Resilience is About How You Recharge, Not How You Endure!

Many people often take a militaristic, “gritty” approach to resilience. We imagine a Marine toiling through the mud, Rocky Balboa going one more round, or a rugby player picking himself up off the turf with a broken nose for one more scrum. We believe that the longer we can endure hardship and pain, the more resilient we become, and therefore the more successful we will be. In reality, this conception is scientifically flawed as it ignores the role of resilience in performing consistently under pressure.

Overwork and exhaustion are the opposite of resilience

Recovery is amongst the most influential factors in a person’s resilience and wellbeing but can sometimes be neglected. What many people fail to realize is that the more time you spend in your achievement zone (fight or flight), the more time you will need to spend in your recovery zone (rest & digest). You see, based on biology, the key to resilience is to try hard, then stop, recover, and then try again. And with our modern-day ‘Faster is better’ work ethic and approach to life, many of us are so focused on the first and last part of the equation (try hard and try again) we totally ignore the all-important middle part (stop and recover). The outcome: prolonged periods of stress without sufficient recovery will lead to serious overload, exhaustion, or even burnout.

It’s not easy to strike the right balance between activity and rest. That said, many people’s perception of how they are dealing with daily stress, pressures, and demands is, quite often, completely different to the physiological reality.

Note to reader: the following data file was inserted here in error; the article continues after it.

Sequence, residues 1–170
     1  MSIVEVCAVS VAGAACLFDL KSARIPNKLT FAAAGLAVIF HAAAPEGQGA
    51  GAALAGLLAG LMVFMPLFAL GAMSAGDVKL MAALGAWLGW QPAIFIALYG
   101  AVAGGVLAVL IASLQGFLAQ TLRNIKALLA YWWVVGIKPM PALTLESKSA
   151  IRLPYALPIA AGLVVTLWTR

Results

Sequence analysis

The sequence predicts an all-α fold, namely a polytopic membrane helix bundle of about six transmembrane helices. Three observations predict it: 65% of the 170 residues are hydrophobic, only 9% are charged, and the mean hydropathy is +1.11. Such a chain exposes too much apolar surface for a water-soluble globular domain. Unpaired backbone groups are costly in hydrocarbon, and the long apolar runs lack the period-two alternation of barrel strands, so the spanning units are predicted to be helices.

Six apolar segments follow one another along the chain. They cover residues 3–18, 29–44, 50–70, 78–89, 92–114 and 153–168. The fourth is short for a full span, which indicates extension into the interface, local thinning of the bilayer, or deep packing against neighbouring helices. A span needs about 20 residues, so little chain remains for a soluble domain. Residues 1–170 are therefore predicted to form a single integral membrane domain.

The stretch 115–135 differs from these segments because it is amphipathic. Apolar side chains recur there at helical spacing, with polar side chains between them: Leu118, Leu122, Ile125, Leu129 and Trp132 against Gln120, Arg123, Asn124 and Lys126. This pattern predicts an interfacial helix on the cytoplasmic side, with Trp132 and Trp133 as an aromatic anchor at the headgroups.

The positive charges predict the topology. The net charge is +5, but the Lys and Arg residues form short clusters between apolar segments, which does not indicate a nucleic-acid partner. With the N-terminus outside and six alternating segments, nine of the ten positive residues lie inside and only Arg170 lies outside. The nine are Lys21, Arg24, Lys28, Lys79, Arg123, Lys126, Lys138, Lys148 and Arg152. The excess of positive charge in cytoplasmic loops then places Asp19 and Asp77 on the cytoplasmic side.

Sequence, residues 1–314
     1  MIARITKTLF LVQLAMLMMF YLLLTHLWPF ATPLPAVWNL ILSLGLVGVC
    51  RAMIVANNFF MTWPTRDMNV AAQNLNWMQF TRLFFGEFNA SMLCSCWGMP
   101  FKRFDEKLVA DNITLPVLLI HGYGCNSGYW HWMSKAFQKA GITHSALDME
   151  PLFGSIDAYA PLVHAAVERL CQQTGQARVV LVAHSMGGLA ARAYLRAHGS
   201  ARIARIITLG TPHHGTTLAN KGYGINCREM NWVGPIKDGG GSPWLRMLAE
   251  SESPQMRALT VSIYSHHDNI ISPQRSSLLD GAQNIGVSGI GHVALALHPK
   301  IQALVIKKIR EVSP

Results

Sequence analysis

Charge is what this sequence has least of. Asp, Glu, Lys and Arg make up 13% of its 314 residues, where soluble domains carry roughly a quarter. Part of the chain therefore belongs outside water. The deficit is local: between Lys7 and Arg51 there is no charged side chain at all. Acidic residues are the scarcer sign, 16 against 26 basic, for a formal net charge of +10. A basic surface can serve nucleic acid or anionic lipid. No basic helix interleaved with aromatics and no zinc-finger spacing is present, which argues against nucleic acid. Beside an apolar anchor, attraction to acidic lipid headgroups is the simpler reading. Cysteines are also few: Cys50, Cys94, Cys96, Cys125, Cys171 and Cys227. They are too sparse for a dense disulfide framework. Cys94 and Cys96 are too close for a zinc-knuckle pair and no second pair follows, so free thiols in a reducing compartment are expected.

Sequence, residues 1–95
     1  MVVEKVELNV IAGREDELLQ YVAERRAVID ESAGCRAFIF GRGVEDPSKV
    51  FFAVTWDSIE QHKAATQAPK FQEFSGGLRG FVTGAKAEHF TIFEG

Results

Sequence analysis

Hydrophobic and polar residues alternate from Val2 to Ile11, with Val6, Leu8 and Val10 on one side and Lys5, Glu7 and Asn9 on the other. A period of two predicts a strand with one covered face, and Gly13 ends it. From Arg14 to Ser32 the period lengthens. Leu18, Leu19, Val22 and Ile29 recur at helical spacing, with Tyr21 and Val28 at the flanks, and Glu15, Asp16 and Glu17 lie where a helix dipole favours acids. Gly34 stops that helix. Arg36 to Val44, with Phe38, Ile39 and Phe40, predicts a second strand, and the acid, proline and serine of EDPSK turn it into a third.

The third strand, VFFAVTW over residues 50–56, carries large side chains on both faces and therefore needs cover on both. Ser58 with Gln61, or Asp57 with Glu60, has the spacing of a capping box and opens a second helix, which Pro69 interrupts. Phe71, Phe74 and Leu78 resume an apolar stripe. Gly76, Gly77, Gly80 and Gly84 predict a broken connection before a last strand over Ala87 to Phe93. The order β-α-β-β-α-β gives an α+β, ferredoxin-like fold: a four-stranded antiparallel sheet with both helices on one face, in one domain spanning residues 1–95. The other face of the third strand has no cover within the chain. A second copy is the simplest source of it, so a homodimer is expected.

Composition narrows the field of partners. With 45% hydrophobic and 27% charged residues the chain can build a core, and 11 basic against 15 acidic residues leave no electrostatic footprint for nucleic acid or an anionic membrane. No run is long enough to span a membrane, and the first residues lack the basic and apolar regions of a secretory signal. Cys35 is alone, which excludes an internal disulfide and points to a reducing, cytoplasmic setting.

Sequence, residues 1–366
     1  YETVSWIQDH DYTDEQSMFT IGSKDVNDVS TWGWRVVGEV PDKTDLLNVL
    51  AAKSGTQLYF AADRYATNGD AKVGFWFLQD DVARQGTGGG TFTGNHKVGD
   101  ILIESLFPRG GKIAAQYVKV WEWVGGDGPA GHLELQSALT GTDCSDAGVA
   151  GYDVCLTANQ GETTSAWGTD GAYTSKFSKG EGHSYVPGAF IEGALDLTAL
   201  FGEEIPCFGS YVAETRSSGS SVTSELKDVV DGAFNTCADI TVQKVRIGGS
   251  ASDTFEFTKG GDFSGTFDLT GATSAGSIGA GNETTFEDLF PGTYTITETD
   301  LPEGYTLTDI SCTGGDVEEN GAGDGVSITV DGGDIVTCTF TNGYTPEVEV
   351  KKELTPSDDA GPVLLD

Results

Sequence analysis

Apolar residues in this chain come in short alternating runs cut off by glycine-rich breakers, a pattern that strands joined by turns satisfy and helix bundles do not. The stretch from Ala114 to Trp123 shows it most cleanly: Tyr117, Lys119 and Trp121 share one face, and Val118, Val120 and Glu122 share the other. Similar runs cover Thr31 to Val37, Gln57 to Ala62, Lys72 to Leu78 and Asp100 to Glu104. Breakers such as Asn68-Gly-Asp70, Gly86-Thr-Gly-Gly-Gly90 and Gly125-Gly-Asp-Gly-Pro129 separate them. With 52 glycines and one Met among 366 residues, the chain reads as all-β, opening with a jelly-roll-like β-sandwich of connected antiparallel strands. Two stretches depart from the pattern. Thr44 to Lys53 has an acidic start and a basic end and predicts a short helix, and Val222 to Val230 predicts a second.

Here are a few key areas you may want to consider monitoring on a regular basis:

  • Stress: What level or amount of stress reactions do you experience during the day? Is that stress counterbalanced with sufficient recovery?
  • Recovery: Do you spend at least 25–30% of your time recovering during each 24 hours? Do you recover during the day (e.g. breaks, nap, and relaxation moments)?
  • Sleep: Do you have a regular sleep schedule (including weekends)? Do you recover during sleep?
  • Natural activity: Do you include adequate amounts of natural activity throughout your day (a gentle walk, walking and/or standing meetings, stairs vs. elevator, …)?
  • Physical activity: Do you exercise in a way that promotes recovery or an additional source of stress and fatigue?

Getting to the heart of the matter. What does your day really look like?

We offer a 3-day stress/recovery analysis that provides an accurate measurement of your body’s response to daily activities. This unique Heart Rate Variability (HRV) measurement uses data about your work, leisure, and sleep to create a complete picture of how well you’re managing the stress and recovery in your life.

Contact us or visit our Business or Individual Solutions page entitled ‘Firstbeat – 72-hour Stress/Recovery Analysis’ to learn more.